Low made in Germany like any good self-respecting Warwick.
It's a low that I was prettée for a week, the body is maple, the handle ovankgol, key Wenge all screwed onto the body.
Bridge into two typical Warwick, 24 frets brass, brass nut, a jazz double mico active.
Volume push-pull active / passive, 3-band equalization.
Overall in very good violin, from Warwick!
The neck is typical in Warwick that is not too large: more than a jazz bass and less than a musicman. It is quite comfortable but I found most general at the beginning it down flat. I was used to my jazz bass, I find the key warwick is more technical, it does make no mistake: this frieze on. After one week I performing well, going over on my left hand I had a fender more accurate.
The body shape is very ergonomic, it is not light but not so heavy that warwick bubinga.
Ah the sound ... Then there is the key warwick:
The sound is big, warm, with thick trunk and strong with lots of potatoes, high output.
We like it or not, at least it's good but not very versatile.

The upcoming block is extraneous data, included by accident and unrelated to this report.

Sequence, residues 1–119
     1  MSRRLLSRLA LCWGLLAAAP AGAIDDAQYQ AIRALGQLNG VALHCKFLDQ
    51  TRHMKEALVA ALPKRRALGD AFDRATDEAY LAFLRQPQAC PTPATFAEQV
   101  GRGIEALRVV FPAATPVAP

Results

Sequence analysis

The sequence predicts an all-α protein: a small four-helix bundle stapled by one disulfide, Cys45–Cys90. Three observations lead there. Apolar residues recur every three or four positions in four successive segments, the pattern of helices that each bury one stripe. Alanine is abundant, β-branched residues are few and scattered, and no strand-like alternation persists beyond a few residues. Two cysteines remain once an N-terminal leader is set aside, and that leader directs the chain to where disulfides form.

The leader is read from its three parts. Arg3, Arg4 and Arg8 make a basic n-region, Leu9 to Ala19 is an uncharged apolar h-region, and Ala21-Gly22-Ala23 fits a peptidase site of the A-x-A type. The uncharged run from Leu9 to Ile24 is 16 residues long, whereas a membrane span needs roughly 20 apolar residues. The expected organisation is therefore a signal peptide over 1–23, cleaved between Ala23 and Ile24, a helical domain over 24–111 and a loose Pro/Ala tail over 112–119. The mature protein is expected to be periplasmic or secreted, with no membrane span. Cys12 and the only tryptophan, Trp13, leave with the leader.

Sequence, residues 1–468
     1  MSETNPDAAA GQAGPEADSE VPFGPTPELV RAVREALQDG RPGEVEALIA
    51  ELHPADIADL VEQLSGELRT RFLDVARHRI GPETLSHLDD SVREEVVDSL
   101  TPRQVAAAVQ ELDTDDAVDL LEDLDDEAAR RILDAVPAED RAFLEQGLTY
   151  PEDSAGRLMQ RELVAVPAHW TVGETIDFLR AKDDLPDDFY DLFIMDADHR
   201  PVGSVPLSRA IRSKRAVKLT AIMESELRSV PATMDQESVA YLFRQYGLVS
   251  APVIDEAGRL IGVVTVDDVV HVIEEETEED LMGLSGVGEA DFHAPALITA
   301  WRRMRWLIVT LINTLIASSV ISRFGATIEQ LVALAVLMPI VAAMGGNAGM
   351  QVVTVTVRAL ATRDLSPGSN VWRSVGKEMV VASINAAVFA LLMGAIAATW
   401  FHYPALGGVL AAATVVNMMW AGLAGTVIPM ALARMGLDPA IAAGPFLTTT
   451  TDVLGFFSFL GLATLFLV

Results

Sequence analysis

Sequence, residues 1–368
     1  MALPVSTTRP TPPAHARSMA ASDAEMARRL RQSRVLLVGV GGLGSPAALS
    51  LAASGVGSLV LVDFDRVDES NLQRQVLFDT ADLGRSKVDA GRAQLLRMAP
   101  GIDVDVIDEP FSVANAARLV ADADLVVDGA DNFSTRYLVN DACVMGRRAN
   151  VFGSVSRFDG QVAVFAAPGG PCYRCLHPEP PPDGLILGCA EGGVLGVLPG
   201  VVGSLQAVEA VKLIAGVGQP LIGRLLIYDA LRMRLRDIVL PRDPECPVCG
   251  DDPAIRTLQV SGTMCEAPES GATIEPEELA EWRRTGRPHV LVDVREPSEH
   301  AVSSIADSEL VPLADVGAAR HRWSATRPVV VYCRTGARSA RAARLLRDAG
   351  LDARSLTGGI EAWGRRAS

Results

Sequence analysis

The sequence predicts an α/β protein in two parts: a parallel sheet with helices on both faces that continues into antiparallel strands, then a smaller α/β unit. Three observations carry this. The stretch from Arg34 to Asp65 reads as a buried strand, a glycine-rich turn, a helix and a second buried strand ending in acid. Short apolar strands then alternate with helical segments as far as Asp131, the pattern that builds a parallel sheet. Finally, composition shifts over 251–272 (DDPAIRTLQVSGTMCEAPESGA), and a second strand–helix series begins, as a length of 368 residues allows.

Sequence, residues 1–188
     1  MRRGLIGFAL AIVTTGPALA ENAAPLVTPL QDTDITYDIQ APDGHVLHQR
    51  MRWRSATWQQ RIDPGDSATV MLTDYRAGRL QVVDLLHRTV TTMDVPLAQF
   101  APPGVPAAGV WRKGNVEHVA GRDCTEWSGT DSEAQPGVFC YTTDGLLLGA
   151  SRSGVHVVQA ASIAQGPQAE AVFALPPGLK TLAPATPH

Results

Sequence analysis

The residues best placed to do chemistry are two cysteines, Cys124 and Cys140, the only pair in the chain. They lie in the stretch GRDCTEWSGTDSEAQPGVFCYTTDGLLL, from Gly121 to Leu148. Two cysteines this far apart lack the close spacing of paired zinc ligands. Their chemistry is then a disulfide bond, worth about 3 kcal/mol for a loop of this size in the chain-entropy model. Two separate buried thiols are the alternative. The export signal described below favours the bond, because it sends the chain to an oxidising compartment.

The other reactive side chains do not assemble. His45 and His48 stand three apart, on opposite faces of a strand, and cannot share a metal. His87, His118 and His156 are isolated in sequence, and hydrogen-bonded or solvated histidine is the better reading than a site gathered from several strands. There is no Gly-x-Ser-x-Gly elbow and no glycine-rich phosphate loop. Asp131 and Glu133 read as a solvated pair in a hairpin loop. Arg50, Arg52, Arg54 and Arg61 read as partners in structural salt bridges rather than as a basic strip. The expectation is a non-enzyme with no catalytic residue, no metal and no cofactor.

I would say this bass is not for pop or jazz, it can concurencer the musicman stingray in its range of musical styles, except that the stringray has a clearer sound and warwick thicker.
It is the antithesis of the jazz bass.
The bass rumble or purr, although the present medium and treble singing and not at all crystalline.
If you want to listen to hear what his album "adrenaline" group Merzhin is the only current bassist who plays on the bass.
I used it for a week and she won, I regret not being able to keep it as it is no longer manufactured and even on the second hand market I have not found.
That said it is not versatile and if I find one I will keep my jazz bass.
But what a sound! If you want a unique sound, not having the same sound that everyone (the number of bass players who play on it ...!) Fender bass.